ASP.NET 1.1 - Enterprise Services to SQL Server
From Guidance ShareJump to navigationJump to search
- J.D. Meier, Alex Mackman, Michael Dunner, Srinath Vasireddy, and Prashant Bansode
- ASP.NET 1.1
- Enterprise Services (.NET 1.1)
In this scenario, ASP.NET pages call business components hosted in an Enterprise Services application that in turn connects to a database. As an example, consider an internal purchase order system that uses transactions over the intranet and allows internal departments to place orders.
This scenario has the following characteristics:
- Users have Internet Explorer.
- Components are deployed on the Web server.
- The application handles sensitive data that must be secured while in transit.
- Business components connect to SQL Server using Windows authentication.
- Business functionality within these components is restricted based on the identity of the caller.
- Serviced components are configured as a server application (out-of-process).
- Components connect to the database using the server application's process identity.
- Impersonation is enabled within ASP.NET (to facilitate Enterprise Services role-based security).
ASP.NET calls a component within Enterprise Services, which calls the database.
- Disable Anonymous access for your Web application's virtual root directory
- Enable Integrated Windows Authentication
- Configure your ASP.NET Web application to use Windows authentication. Edit Web.config in your application's virtual directory root. Set the <authentication> element to:
<authentication mode="Windows" />
- Configure your ASP.NET Web application for impersonation Edit Web.config in your Web application's virtual directory. Set the <identity> element to:
<identity impersonate="true" />
- Configure ASP.NET DCOM security to ensure that calls to Enterprise Services support caller impersonation. Edit Machine.config and locate the <processModel> element. Confirm that the comImpersonationLevel attribute is set to Impersonate (this is the default setting)
- Create a custom account for running Enterprise Services. Note - If you use a local account, you must also create a duplicate account on the SQL Server computer.
- Configure the Enterprise Services application as a server application. This can be configured using the Component Services tool, or via the following .NET attribute placed in the service component assembly.
[assembly: ApplicationActivation(ActivationOption. Server)]
- Configure Enterprise Services (COM+) roles. Use the Component Services tool or script to add Windows users and/or groups to roles. Roles can be defined using .NET attributes within the serviced component assembly.
- Configure Enterprise Services to run as your custom account. This must be configured using the Component Services tool or script. You cannot use .NET attributes within the serviced component assembly.
- Create a Windows account on your SQL Server computer that matches the Enterprise Services process account The user name and password must match your custom Enterprise Services account. Give the account the following privileges:
- Access this computer from the network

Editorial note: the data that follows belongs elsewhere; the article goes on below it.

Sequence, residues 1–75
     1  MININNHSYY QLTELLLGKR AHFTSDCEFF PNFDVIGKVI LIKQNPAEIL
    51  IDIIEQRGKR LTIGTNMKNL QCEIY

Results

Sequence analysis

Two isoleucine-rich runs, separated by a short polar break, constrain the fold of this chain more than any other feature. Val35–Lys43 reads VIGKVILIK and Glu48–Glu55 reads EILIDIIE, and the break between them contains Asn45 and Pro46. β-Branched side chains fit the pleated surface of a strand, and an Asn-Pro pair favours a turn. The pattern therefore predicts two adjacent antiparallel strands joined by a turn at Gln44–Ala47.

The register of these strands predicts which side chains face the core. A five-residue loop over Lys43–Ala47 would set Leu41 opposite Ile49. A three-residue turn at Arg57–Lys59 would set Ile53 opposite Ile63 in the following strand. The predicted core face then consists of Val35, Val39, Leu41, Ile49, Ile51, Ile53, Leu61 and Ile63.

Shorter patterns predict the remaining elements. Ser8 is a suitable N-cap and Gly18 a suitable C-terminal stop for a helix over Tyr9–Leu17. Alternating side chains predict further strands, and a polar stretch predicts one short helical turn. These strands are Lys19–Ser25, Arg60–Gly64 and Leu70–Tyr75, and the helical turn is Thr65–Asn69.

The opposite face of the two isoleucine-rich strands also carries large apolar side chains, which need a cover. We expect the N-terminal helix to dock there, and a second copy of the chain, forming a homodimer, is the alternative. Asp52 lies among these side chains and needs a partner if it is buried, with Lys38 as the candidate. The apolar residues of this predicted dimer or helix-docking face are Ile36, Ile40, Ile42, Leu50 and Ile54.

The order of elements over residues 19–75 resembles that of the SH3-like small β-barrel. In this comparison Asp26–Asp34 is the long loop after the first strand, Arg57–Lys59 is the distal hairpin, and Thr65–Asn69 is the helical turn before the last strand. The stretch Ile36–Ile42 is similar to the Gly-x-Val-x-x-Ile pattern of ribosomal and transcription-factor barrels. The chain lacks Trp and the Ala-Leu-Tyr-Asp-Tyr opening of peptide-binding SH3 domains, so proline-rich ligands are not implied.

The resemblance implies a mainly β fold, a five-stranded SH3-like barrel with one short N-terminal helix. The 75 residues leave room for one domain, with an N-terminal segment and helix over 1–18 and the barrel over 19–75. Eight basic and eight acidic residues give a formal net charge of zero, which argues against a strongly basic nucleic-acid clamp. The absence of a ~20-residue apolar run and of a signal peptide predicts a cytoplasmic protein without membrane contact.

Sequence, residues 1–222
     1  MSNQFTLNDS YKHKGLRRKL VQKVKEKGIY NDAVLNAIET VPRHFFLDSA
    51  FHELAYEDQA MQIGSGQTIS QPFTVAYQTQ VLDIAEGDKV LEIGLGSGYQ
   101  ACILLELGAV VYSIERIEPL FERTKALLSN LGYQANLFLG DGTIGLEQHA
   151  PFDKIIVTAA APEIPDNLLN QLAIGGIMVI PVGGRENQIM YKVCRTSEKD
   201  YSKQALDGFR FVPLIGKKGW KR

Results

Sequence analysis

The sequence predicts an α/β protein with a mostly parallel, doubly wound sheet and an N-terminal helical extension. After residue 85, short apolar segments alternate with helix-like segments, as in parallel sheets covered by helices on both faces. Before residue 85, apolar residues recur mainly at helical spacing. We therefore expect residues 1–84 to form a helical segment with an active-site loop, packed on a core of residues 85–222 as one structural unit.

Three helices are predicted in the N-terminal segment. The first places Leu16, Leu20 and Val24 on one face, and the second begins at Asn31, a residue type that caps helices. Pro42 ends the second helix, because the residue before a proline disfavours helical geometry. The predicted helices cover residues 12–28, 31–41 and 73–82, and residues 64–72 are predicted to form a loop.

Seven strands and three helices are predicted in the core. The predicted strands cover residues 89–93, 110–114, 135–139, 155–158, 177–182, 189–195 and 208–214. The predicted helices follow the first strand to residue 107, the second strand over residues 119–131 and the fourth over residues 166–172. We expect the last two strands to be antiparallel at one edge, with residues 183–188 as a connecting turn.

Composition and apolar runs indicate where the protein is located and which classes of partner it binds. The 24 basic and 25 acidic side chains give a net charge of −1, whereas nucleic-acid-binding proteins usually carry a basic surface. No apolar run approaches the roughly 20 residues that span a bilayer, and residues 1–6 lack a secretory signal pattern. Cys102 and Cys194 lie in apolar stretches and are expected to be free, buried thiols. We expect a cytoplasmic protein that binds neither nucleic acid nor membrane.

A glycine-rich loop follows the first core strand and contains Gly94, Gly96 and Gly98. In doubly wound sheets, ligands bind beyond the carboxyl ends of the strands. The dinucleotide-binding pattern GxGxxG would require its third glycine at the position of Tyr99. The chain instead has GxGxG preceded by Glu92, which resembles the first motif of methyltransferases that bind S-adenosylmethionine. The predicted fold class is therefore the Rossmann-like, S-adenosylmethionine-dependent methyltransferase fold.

- Deny logon locally
- Log on as a batch job
- Configure SQL Server for Windows authentication
- Create a SQL Server Login for your newly created account. This grants access to the SQL Server.
- Create a new database user and map the login name to the database user. This grants access to the specified database.
- Create a new database user role and add the database user to the role.
- Establish database permissions for the database user role. Grant minimum permissions.
- Configure the Web site for SSL.
- Configure IPSec between Web server and database server.
- ASP.NET and Enterprise Services are running as least privileged accounts, so potential damage from compromise is mitigated. If either process identity were compromised, the account's limited privileges reduce the scope of damage. Also, in the case of ASP.NET, if malicious script were injected, potential damage is constrained.
- The ASP.NET application must be configured for impersonation in order to flow the security context of the original caller to the Enterprise Services components (to support Enterprise Services (COM+) role-based authorization). If you do not impersonate, role checks are made against the process identity (that is, the ASP.NET worker process). Impersonation affects who you authorize resources against.
- Without impersonation, system resource checks are against the ASP.NET process identity. With impersonation, system resource checks are made against the original caller.
- By using Enterprise Services (COM+) roles, access checks are pushed to the middle tier, where the business logic is located. In this case, callers are checked at the gate, mapped to roles, and calls to business logic are based on roles. This avoids unnecessary calls to the back end. Another advantage of Enterprise Services (COM+) roles is that you can create and administer roles at deployment rime, using the Component Services Manager.
- Windows authentication to SQL means you avoid storing credentials in files and sending them across the network.
- The use of a local account to run the Enterprise Services application, together with a duplicated account on the database server, also works in the presence of a firewall where the ports required for Windows authentication may not be open. The use of Windows authentication and domain accounts may not work in this scenario
- The use of a duplicated Windows account on the database server (one that matches the Enterprise Services process account) results in increased administration. Passwords should be manually updated and synchronized on a periodic basis.
- Because .NET role-based security is based on Windows group membership, this solution relies on Windows groups being set up at the correct level of granularity to match the categories of users (sharing the same security privileges) who access the application.